Tuesday, 02 June 2020

Hospice charity says home care service is helping more people

Hospice charity says home care service is helping more people

MORE than 300 people have been cared for in their own homes in the first year of Sue Ryder’s “hospice at home” service.

The charity’s South Oxfordshire palliative care hub launched on April 9 last year and since then Sue Ryder nurses have visited patients across the area to provide end-of-life care.

The hub also includes a new telephone helpline run by Sue Ryder nurses and consultants to provide patients, families, carers and healthcare professionals advice.

The service is designed to reduce the need for in-patient beds at the charity’s hospice in Nettlebed and it says 148 unnecessary hospital admissions have also been avoided as a result of the pilot.

Sue Ryder is seeking to move its beds at Joyce Grove to other locations and then sell the listed building and 27 acres of grounds.

News of the closure sparked concern among people who attend the day clinics at the hospice for advice and therapies.

Many have made plans to die at the hospice and were worried that these would be disrupted.

But the charity says the hub has received overwhelming support from patients in its first year.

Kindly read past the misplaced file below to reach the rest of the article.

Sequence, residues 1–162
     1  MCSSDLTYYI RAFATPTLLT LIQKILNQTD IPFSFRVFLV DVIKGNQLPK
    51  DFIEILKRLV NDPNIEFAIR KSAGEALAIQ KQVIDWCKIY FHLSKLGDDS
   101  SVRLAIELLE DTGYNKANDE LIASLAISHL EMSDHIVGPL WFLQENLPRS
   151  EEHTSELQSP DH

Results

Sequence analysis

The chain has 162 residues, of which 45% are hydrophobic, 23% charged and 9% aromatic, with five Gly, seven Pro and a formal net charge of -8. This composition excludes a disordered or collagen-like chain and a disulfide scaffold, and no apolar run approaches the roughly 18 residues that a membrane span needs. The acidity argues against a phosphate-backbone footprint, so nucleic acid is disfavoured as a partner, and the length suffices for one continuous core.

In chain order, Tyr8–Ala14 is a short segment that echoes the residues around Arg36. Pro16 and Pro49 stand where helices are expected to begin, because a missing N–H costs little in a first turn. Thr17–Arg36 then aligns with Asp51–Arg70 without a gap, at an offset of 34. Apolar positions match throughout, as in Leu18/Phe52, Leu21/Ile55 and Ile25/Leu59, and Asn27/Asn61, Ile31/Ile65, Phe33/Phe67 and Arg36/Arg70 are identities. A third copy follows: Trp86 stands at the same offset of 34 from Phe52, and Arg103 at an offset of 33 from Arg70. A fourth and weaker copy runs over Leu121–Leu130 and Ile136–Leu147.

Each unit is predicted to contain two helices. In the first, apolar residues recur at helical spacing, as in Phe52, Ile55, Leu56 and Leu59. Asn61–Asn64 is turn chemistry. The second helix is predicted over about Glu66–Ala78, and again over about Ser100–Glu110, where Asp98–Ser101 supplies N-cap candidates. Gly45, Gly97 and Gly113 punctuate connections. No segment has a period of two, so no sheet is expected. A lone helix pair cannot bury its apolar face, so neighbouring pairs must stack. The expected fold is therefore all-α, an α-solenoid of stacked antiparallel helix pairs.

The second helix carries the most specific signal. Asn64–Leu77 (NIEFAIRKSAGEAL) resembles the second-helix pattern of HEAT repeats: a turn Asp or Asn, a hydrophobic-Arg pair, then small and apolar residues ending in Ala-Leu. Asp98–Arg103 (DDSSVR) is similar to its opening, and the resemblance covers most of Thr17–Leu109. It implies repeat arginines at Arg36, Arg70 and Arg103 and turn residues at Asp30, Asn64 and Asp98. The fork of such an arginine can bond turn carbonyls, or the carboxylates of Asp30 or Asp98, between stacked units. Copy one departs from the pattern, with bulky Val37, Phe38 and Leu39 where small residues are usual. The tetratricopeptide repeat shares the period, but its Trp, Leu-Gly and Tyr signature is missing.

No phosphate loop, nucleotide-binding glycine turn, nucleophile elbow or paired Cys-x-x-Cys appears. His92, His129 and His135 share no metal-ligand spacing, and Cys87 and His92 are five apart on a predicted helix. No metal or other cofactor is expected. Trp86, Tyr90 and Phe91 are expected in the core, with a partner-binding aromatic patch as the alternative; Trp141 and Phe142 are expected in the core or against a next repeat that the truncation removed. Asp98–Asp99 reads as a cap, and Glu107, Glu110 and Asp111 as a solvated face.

Director Maria Turnbull said: “Since launching the hub, our medical and nursing team has been able to significantly increase the amount of care we provide.

“The way people want to receive end-of-life care is changing. Sue Ryder’s research showed that 80 per cent of people felt that patients should be given a choice and The Office for National Statistics found that around two in three people would prefer to die at home.

“We felt that it was important to be able to provide our local community with a choice between dying in a hospital, a hospice setting or in their own home. We are incredibly proud of the positive impact offering that choice has had so far.

“I want to say thank you to each and every one of our supporters. We rely on your generous donations and without you our nurses could not have been there when it mattered for our patients and their families.”

Patricia Allen, of Binfield Heath, whose husband John was cared for at home by the hospice at home team, said: “John said he would like to be cared for at home and to die at home. He wanted to be in his own place and I and all the family supported him in this.

“To everybody that I’ve spoken to since John’s death I’ve praised the Sue Ryder nurses with every positive adjective you could possibly use.”

Sue Ryder says the hub has also created 17 new jobs in the area and it plans to further grow the service by recruiting more nurses and nursing assistants.

Last month, the Henley Standard reported that the number of beds at the Sue Ryder hospice in Nettlebed had been reduced by half.

The charity closed six of its 12 beds saying they were no longer needed because of a drop in demand for inpatient care.

It said that over the past six months the bed occupancy rate has been between 50 and 60 per cent at most and on several weeks it dropped to 40 per cent.

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